Apophis in Egyptian Mythology

The Egyptian sun god, Ra, was constantly defending himself against Apophis.
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In ancient Egyptian mythology, Apophis -- also known as Apep -- was a god of evil. He was the primary enemy of Egypt’s sun god, Ra, and symbolized darkness, chaos and destruction. The snake-like god frightened many with his relentless power.

1 A Giant Snake

Apophis was depicted in the form of a giant snake. Incredibly powerful, he was not part of the natural world, so he needed no nourishment to survive. In fact, there was no way to destroy the creature, though he could be temporarily stopped. He was particularly terrifying to the Egyptians because it was thought that whatever he swallowed did not die, but instead entered a void and simply ceased to exist at all, with no chance of ever reaching the afterlife.

2 The Journey of Ra

Apophis was always trying to defeat Ra. The ancient Egyptians believed that each night Ra would travel through the underworld of darkness and be reborn when he rose again at dawn. During this journey, Apophis would be waiting to strike and annihilate Ra, and would attack him each morning. Ra had guards who would travel with him, and these deities would defend Ra and keep him from being destroyed. Of course, they were also keeping the world from being destroyed, because if Ra were extinguished, the world would go dark.

3 Images of Apophis

In texts and art, the snake that was Apophis was usually shown being trapped, killed or dismembered. The power of this evil god was so frightening to the Egyptians that they dared not depict him as victorious or strong. Egyptians believed images have life, and so they chose to portray Apophis in a perpetual state of defeat, so that he could not rise up and harm them.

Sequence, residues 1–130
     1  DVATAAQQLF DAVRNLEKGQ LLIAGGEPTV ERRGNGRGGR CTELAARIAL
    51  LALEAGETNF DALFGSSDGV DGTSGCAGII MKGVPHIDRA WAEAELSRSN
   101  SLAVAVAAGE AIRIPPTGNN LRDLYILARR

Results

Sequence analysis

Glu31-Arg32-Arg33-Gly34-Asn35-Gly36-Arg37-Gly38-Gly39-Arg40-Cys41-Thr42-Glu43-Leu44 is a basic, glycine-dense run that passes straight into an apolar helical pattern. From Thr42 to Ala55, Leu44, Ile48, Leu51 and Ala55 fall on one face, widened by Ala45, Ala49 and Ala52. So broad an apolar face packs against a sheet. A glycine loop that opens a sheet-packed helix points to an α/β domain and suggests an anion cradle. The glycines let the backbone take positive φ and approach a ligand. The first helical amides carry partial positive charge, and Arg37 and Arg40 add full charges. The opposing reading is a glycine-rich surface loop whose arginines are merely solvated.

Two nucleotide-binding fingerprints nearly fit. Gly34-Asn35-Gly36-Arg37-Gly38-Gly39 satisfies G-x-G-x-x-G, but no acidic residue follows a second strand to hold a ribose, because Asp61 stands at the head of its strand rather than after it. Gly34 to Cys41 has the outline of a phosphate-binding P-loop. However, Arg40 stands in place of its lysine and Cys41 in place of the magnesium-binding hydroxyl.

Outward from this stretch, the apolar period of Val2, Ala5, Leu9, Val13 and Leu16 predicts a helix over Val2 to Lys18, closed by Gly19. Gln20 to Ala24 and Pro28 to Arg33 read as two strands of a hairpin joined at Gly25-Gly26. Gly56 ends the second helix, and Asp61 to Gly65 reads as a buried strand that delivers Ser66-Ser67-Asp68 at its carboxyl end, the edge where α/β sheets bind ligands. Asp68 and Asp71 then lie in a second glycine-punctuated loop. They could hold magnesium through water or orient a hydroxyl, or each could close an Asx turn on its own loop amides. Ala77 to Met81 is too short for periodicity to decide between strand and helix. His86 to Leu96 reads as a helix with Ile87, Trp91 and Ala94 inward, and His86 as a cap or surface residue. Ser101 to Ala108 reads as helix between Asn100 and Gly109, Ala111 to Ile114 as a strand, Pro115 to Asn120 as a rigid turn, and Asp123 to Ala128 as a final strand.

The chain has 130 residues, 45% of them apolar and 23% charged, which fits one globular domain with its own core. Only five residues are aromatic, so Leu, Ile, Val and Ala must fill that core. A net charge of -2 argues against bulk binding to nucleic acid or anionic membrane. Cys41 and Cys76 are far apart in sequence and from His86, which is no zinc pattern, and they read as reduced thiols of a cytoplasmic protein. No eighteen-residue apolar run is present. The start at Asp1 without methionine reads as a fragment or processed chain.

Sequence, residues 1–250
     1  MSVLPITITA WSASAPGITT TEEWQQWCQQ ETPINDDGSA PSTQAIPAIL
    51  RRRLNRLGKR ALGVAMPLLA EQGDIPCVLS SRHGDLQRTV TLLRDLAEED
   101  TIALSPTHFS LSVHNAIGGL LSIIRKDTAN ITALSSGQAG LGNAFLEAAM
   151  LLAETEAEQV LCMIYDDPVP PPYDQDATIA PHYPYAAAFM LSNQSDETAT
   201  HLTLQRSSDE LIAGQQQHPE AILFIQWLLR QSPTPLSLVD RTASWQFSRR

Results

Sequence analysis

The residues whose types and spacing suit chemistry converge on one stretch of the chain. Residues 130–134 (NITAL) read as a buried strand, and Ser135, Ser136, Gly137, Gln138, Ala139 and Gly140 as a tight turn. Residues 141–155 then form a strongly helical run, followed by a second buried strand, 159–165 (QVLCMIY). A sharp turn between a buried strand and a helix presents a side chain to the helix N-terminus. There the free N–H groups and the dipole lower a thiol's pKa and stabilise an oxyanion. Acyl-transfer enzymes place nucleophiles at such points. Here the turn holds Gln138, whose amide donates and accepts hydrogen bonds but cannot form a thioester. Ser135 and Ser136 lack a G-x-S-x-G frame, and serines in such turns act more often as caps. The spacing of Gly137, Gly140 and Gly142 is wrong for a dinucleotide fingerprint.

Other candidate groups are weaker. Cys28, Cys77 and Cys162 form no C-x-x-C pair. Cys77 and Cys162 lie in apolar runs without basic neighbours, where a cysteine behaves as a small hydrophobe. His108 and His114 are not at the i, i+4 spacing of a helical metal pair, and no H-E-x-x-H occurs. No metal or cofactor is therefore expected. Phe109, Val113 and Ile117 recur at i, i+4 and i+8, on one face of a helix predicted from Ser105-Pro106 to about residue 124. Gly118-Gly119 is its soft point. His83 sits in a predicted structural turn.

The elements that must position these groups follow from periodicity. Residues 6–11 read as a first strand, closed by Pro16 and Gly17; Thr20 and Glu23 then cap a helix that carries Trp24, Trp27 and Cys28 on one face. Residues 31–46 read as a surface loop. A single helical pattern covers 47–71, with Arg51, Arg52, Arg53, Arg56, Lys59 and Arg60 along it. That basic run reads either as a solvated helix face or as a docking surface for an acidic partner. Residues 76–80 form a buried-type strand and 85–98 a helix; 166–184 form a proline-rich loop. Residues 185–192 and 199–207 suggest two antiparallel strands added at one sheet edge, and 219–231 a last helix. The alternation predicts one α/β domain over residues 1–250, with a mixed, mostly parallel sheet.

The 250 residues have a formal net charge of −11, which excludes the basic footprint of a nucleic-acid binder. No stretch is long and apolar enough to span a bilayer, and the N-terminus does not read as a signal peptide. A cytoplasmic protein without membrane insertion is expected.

4 Apophis in Ancient Texts

In the mythological stories, Apophis has existed since the beginning of time, but he does not appear in any ancient texts until the writing of The Middle Kingdom, 2125-1991 BC. The most vivid and definitive tales of Apophis appear even later, in the funerary texts of The New Kingdom, 1550-1070 BC. He was not worshiped like other gods in mythology. He was feared and hated, and his image survived into the Roman period. Then he was called “he who was spat out” and was said to have been born from the saliva of the Egyptian goddess Neith.

Pam Lobley was a regular columnist on the Op Ed page of "The Bergen Record" for three years; in addition, her columns have appeared in many newspapers, such as "The New York Times" "The Philadelphia Inquirer," "The Chicago Tribune" and several others. As a playwright, her work has been produced regionally and in New York City.